The 7 Best Fiber-Rich Fruits You Should Be Eating, According to a Dietitian

The call to get more fiber into your diet used to raise some eyebrows. Fiber isn’t exactly the most glamorous nutrient. However, research has shown all the great benefits that fiber offers, such as promoting regular bowel movements, encouraging weight management, and maintaining a healthy heart.

It’s no surprise that fiber is found in beans and broccoli, but even your favorite sweet and juicy fruits are loaded with this nutrient. Some fruits are better sources than others, and knowing the big players can help you make choices that meet your needs. It doesn’t hurt that they’re all pretty tasty, too. As a guideline, adults should aim for 22 to 34 grams of fiber per day, depending on age and gender.

What is fiber and why is it good for you?

Fiber is the indigestible part of a plant. This means that when you consume it, your body cannot process and absorb it, so it passes mostly intact through your digestive tract, leaving your body through the stool.

There are basically two types of dietary fiber: insoluble and soluble. Insoluble fiber bulks up your stool and facilitates bowel movements. Soluble fiber turns into a gel when mixed with water, which slows digestion and can help control cholesterol levels to reduce the risk of heart disease. Although insoluble fiber is found primarily in foods such as whole grains, beans, and some vegetables, and soluble fiber in fruits, vegetables, nuts, seeds, and legumes, some foods contain both types.

Let’s take a look at the best high-fiber fruits you should add to your rotation.

1. Berries

Raspberries and blackberries pack the biggest punch of fiber at about 8 grams per cup, but all berries are good sources of fiber. Blueberries contain almost 4 grams of fiber per cup, while strawberries contain 3 grams of fiber per cup. Berries also provide many additional nutrients beyond fiber, including antioxidants, vitamins, and minerals. Top your morning yogurt or oatmeal with a handful of berries, or blend frozen berries into a refreshing smoothie like this Fruit Yogurt Smoothie.

2. Pomegranates

Good things come in small packages, and pomegranate arils (aka seeds) are proof of that. One cup of pomegranate arils contains a generous 7 grams of fiber. That’s not all, though: the juicy, ruby-red fruit is packed with the antioxidant anthocyanin, which helps reduce chronic inflammation, potentially lowering your risk of chronic disease. Try adding them to a salad like our Broccoli Chickpea Pomegranate Salad, or sprinkle them on peanut butter toast for a fun twist.

3. Tropical fruits

Some of the most popular tropical fruits are surprisingly full of fiber. In fact, passion fruit contains a whopping 25 grams of fiber per cup, the most of any fruit. But that’s not where the power of fiber stops when it comes to tropical fruits. Guava contains 9 grams of fiber per cup, kiwi contains 5 grams of fiber per cup and mango contains 3 grams of fiber per cup. These fruits are also full of vitamin C which supports the immune system and potassium which helps with blood pressure. Go sweet and crunchy with mango in these Mango-Jicama Mole Chicken Tacos or enjoy a mix of tropical fruits together, like our mango and kiwi with fresh lime zest.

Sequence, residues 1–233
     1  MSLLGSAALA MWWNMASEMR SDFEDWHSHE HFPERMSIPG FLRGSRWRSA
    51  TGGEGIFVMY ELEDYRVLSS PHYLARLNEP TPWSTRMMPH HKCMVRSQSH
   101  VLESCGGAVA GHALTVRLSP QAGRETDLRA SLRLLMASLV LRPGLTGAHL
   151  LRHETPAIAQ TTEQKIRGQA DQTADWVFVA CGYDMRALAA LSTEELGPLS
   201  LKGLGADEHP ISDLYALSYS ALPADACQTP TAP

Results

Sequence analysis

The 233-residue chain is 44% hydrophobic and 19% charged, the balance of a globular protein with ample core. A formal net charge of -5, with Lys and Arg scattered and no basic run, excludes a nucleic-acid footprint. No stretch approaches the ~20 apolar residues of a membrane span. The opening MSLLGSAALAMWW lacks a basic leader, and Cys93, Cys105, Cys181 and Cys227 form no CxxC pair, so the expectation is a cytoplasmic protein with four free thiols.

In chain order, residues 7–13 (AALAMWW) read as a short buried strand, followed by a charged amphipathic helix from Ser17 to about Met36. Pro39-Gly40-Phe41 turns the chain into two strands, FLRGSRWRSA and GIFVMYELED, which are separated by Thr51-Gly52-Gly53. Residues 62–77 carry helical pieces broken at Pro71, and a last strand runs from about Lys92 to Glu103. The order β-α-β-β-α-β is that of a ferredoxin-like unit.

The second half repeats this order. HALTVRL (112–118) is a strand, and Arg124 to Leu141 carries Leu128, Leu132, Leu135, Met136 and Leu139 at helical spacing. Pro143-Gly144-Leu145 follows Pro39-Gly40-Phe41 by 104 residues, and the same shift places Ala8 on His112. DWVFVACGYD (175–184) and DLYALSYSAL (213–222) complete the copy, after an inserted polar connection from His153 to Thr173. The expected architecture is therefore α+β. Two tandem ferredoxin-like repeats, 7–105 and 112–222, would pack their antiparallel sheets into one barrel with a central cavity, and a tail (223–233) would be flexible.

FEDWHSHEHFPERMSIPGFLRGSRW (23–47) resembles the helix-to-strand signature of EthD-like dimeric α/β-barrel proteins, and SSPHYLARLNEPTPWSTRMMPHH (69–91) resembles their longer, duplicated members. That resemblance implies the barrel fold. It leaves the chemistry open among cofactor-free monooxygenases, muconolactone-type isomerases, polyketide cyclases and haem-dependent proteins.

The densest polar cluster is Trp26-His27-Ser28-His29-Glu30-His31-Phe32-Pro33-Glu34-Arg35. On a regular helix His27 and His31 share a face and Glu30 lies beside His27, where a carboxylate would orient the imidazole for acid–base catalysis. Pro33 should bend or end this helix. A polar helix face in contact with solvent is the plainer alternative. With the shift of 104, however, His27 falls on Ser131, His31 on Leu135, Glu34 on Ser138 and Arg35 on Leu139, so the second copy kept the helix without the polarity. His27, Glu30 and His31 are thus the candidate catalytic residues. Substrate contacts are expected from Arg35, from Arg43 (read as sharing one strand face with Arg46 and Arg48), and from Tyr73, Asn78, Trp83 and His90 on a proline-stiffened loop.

4. Pears

Pears are a delicious fall fruit. A medium pear contains almost 6 grams of fiber. Just make sure you enjoy them with their skin on, as some of the fiber comes from the skin. Pears also have a low glycemic index, meaning their sugar content is not absorbed into the bloodstream too quickly, preventing large sugar spikes. Try baked pears for a simple but satisfying dessert, or toss them into a salad like this Roasted Quinoa and Pumpkin Pear Salad.

5. Oranges

Speaking of vitamin C, we all know oranges are rich in it, but did you know that the sunny fruit is also packed with fiber? An orange contains about 3 grams of fiber. That same medium orange also contains several ounces of water to help meet your daily fluid needs. Enjoy the segments as a snack, of course, but don’t forget they’re beautiful in a refreshing orange and avocado salad.

6. Apples

Like pears, apples are high in fiber, but to get the full benefits of the fruit, don’t peel them before eating. A medium apple contains about 4 grams of fiber. They also provide benefits such as supporting weight loss and heart and brain health. You won’t believe how delicious Air-Fryer apples are, and for a savory take, sausage-stuffed apples are just as good.

7. Avocados

Yes, avocados are a fruit! Half of an avocado contains nearly 7 grams of fiber, in addition to heart-healthy monounsaturated fats and anti-inflammatory benefits. Try adding mashed avocado to make a creamy avocado spread or tuck slices into an avocado and kale omelette.

Other ways to increase fiber intake

As mentioned above, fruit is not the only food that contains fiber. Vegetables, whole grains, beans, legumes, nuts and seeds provide fiber. Here’s how to get more:

  • Enjoy avocado toast with whole grain bread for a double dose of fiber from both the avocado and whole grains.
  • Make a grain salad and add berries to the bowl for sweetness, color and extra fiber, like in our Strawberry Basil Quinoa Salad.
  • Consider trying one of these high-fiber meal plans for an easy but inspired way to increase your daily fiber content.
  • Reach for an apple for a snack and serve nut butter on the side for dipping.

The bottom line

Fruit is a rich source of dietary fiber, especially soluble fiber, and some of your favorites like raspberries, kiwis, oranges, and apples are especially high in fiber. They’re not just sweet bites to enjoy, they can protect your heart, help you maintain a healthy weight, and promote gut health. And that’s a total win.

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